Triad Tax Preparers Expecting Influx of Late Filers

GREENSBORO, N.C.-- Triad tax services say they expect an influx of last-minute tax filers, ahead of the April 15 deadline at 11:59:59 p.m.

Liberty Tax Service in Greensboro said its offices still are finding many customers want to file, as opposed to opting for an extension.

Anna Johnson, a tax preparer at Liberty Tax Service, said she finds most last-minute filers typically are scared they owe, do not want to pay or simply dread the process of filing taxes. Others, she said, do not have all of their information in order or forget important documents.

"Another thing people tend to miss out on is medical expenses. They forget to bring in co-payments and stuff. They fail to file their charitable contributions, because there are some contributions you can claim discounts to--Goodwill, the Salvation Army--the fair market value of what you gave away."

She said many people miss out on the earned income credit because they do not realize they qualify.

Johnson addressed commonly-asked questions late filers tend to ask. She said families do not know whether their children in college are still considered full-time dependents. She said she also has had to remind tax filers the new health care mandate will not affect this year's taxes. People who do not have health insurance will see the penalty on the 2014 to 2015 taxes.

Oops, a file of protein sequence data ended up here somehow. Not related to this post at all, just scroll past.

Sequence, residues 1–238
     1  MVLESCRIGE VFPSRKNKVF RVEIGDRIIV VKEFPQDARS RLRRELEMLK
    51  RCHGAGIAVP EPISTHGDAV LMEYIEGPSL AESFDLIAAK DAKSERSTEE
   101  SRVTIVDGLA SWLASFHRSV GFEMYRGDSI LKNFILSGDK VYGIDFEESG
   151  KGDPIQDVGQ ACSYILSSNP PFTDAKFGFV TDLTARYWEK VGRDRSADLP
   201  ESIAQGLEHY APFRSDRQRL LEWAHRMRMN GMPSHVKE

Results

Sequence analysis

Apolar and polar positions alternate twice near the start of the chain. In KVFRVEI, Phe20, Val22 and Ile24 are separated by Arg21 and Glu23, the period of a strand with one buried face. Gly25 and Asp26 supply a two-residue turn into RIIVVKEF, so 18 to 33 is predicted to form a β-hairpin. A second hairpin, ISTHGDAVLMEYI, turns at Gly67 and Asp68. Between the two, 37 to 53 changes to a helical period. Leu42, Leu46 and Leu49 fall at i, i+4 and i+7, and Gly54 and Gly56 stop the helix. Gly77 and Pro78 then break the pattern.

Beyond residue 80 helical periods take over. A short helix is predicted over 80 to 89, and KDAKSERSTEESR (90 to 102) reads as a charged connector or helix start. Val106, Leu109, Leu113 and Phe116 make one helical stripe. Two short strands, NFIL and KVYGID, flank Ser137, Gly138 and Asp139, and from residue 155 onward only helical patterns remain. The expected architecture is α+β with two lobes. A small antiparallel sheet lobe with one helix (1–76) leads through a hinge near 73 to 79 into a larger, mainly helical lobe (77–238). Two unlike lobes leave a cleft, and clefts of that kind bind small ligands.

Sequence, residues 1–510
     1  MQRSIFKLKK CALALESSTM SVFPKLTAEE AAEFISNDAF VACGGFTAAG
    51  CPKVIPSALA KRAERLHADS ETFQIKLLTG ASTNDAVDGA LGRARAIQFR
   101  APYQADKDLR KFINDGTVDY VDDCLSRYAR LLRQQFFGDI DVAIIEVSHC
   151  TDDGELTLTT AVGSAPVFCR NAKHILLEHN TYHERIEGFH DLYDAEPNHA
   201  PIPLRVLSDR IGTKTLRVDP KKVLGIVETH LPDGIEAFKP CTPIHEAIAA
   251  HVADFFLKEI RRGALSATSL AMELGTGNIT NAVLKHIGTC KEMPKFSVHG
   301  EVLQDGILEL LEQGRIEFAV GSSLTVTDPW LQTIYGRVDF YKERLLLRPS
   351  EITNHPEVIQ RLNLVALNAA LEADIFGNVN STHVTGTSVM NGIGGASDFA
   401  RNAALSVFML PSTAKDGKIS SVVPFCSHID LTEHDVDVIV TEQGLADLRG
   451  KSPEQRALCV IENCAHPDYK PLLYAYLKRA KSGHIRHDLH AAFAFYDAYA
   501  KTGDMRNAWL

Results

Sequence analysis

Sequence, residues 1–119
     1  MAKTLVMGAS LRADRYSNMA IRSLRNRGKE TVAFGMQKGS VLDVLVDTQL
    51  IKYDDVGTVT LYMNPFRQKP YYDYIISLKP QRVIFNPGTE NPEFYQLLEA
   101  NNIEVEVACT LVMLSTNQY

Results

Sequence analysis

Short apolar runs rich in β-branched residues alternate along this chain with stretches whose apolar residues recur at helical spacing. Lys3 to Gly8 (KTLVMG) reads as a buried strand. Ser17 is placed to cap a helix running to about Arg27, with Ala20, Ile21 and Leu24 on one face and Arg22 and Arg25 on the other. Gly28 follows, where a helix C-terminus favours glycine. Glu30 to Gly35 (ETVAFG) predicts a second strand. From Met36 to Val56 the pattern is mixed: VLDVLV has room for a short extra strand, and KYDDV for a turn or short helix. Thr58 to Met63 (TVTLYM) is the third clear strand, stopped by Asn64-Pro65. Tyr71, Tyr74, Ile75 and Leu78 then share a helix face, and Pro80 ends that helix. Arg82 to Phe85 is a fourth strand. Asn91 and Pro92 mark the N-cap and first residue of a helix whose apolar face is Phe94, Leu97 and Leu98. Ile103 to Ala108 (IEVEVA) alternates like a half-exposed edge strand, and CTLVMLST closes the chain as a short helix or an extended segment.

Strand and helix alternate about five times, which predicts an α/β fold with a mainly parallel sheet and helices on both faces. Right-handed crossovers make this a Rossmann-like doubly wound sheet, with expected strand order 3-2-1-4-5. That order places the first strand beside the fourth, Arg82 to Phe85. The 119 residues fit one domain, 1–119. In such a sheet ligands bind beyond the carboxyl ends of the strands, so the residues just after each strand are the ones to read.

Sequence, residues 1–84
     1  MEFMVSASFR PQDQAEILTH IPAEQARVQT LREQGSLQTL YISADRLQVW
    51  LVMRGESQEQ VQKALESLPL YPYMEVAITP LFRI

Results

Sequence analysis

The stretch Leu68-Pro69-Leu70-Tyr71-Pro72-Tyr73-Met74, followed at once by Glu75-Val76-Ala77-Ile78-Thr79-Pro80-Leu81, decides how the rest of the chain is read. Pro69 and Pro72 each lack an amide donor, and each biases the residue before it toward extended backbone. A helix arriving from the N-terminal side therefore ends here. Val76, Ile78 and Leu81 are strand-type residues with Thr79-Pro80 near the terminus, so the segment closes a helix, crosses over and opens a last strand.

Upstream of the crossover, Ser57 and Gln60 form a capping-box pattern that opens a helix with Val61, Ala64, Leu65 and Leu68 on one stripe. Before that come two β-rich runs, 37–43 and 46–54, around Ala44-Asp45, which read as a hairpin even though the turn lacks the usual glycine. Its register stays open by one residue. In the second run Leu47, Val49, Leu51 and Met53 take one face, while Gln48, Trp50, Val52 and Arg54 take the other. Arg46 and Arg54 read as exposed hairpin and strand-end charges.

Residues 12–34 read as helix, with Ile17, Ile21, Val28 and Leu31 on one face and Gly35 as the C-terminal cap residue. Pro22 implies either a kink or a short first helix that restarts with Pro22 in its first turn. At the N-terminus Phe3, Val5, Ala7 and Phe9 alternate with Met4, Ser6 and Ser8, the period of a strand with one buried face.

For those who have opted to file an extension, Johnson stressed an important reminder--payment on any taxes owed is still due April 15. Johnson after an extension is filed, "You need to contact your tax preparer and make an appointment and gather all the information, so that it is filed in a timely manner. August 15 rolls up just as fast as April 15. It needs to get done as quickly as possible."

The penalty is five percent per month of the unpaid balance--as much as 25 percent of the amount of tax due. To avoid the penalty, tax filers need to have paid at least 90 percent of the total amount owed or 100 percent of the tax paid on last year's tax return. It is 110 percent if the adjusted gross income is more than $150,000.

People who need to file an extension can file a form 4868 through a tax service or free online by logging onto the IRS website and selecting the free file service.

Related: "Tax Day Freebies Get Goofier this Year"


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